When is that best time to book accommodations?
The earlier you book, the better chance you have of getting what you want. Our early bird rates expire at 5 p.m. PST, Nov. 16. I would suggest booking before then if rates are a concern. If you can’t book that early, don’t worry. We will still have discounted rooms available and will do everything we can to help you get what you want.

What are some common housing mistakes that trade show attendees make?
From the hotel side, I would caution against pre-paying for rooms or using the big online travel sites. Those reservations don’t get the same priority as the official Expo reservations, and you have very little recourse if there is a problem. When you book through us, we are in Las Vegas with you and we know whom to talk to if you have a problem with the hotel. We will be there in person to make sure your experience is effortless.

Are there any housing scams to look out for?
Of course the easiest way to avoid the scams is to book through us at LicensingExpoHotels.com or to call us at 866-796-0557. We will be reaching out to Licensing Expo exhibitors directly and identifying ourselves as Convention Housing Partners, the official housing partner of Licensing Expo. If you get a call or an email from a person who can’t tell you how to verify that they are the official hotel provider, they probably aren’t. Also, if they ask you to pre-pay for rooms or ask for a deposit payable to them rather than the hotel, be suspicious. The housing “poachers” or “pirates,” as we call them, have two common scams. First, they “book” your rooms for you, take a payment via credit card, and never actually send reservations–or money–to the hotel, so your people show up and have no rooms.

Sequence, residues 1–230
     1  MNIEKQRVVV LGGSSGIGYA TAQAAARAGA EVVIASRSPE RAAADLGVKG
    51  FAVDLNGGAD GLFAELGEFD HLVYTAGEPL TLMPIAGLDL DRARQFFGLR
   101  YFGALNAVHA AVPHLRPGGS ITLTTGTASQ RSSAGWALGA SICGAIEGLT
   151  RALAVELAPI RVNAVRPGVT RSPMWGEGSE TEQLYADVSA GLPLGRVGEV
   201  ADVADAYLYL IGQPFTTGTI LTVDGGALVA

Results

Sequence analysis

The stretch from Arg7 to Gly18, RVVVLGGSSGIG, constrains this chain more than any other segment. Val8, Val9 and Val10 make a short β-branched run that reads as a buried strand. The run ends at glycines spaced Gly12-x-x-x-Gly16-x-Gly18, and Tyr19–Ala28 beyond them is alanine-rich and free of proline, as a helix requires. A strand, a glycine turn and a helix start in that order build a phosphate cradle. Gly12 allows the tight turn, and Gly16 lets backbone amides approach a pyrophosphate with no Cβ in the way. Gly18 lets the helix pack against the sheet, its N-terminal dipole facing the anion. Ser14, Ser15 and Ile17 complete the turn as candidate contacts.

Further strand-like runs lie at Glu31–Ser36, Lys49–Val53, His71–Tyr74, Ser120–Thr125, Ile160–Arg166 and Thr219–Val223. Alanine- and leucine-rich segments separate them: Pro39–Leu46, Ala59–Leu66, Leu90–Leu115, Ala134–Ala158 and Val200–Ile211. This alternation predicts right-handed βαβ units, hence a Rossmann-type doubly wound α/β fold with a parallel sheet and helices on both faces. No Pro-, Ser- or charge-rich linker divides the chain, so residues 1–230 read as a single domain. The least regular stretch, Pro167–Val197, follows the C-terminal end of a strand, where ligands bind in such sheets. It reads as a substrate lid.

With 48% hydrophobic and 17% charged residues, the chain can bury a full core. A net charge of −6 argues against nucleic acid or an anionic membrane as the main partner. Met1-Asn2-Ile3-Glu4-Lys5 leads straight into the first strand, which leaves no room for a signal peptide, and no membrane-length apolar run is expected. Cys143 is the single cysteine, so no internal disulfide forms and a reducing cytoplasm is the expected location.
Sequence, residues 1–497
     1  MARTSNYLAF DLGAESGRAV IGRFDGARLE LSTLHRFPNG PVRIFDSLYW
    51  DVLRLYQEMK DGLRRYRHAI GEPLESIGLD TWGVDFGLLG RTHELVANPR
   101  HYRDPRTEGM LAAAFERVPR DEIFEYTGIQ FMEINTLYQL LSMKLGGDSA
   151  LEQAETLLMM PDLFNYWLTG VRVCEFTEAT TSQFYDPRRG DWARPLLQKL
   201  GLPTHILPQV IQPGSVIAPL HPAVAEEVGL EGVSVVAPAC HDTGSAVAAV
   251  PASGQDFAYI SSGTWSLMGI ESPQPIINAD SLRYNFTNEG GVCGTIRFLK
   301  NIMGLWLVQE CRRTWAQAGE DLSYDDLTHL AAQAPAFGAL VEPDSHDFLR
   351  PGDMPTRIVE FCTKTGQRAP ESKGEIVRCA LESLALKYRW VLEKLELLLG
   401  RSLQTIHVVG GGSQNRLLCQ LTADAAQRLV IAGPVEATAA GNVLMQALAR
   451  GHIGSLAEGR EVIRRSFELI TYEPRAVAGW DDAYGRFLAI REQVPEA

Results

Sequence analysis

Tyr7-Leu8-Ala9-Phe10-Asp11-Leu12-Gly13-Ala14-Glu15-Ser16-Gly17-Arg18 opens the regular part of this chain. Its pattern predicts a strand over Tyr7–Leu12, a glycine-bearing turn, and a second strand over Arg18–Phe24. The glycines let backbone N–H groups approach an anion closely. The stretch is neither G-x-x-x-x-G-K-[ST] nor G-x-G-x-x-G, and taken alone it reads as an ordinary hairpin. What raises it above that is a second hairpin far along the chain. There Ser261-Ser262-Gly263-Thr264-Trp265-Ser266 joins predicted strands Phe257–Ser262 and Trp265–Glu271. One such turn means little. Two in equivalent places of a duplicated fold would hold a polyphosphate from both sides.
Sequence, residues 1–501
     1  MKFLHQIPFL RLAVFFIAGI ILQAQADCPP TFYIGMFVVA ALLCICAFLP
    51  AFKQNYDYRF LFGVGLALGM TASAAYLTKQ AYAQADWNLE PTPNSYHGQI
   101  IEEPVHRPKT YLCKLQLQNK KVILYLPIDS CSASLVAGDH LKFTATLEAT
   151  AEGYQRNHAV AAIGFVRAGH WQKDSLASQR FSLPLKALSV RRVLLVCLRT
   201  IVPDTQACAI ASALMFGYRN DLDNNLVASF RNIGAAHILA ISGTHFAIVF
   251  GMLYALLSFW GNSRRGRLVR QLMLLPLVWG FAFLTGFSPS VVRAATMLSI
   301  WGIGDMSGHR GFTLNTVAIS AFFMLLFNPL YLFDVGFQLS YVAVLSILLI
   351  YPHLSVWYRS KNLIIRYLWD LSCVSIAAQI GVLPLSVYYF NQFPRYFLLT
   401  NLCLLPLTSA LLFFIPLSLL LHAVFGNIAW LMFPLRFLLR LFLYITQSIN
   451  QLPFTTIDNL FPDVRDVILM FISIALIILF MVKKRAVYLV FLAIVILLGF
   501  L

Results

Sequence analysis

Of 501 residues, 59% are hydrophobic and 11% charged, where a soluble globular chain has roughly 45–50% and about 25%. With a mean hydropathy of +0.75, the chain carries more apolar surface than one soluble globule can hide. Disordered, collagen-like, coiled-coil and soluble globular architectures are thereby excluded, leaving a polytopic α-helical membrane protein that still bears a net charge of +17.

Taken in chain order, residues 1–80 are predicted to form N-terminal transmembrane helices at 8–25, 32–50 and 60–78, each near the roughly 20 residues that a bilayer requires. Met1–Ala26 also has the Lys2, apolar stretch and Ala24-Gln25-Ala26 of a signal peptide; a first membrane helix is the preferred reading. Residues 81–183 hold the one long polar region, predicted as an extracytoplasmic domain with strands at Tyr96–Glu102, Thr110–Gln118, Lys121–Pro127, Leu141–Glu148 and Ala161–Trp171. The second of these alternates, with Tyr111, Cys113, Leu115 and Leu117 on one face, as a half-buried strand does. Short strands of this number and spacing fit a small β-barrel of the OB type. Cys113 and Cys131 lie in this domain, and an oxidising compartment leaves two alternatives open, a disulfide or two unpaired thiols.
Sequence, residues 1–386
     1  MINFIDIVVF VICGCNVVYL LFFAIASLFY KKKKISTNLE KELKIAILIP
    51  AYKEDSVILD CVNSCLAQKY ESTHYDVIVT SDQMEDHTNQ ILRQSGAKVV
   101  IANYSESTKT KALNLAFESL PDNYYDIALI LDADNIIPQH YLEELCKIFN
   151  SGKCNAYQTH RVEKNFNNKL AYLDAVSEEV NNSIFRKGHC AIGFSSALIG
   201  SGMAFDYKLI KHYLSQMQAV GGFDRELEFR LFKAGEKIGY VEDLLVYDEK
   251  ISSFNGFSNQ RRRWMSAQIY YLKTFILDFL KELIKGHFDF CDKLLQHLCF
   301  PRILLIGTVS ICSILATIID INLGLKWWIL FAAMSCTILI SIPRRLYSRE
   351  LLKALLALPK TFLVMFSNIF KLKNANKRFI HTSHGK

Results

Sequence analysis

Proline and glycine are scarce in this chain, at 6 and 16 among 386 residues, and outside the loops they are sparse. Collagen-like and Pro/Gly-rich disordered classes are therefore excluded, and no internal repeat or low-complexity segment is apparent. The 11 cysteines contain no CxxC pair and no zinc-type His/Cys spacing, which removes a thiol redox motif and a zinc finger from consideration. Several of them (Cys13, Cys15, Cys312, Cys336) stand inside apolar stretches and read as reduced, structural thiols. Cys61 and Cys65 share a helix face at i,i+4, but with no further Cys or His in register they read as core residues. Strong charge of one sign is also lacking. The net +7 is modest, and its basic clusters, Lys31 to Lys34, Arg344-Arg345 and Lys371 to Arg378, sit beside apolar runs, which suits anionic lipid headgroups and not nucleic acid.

Even more common, the housing poachers will book rooms at unbelievably low rates for you at the headquarters hotel and collect the pre-payment. Then, two weeks or so before the Expo, they let you know that there was a “problem” with the hotel and that they have rooms for you at a different (read: cheaper and lower quality) hotel, usually a good distance away from where you want to be.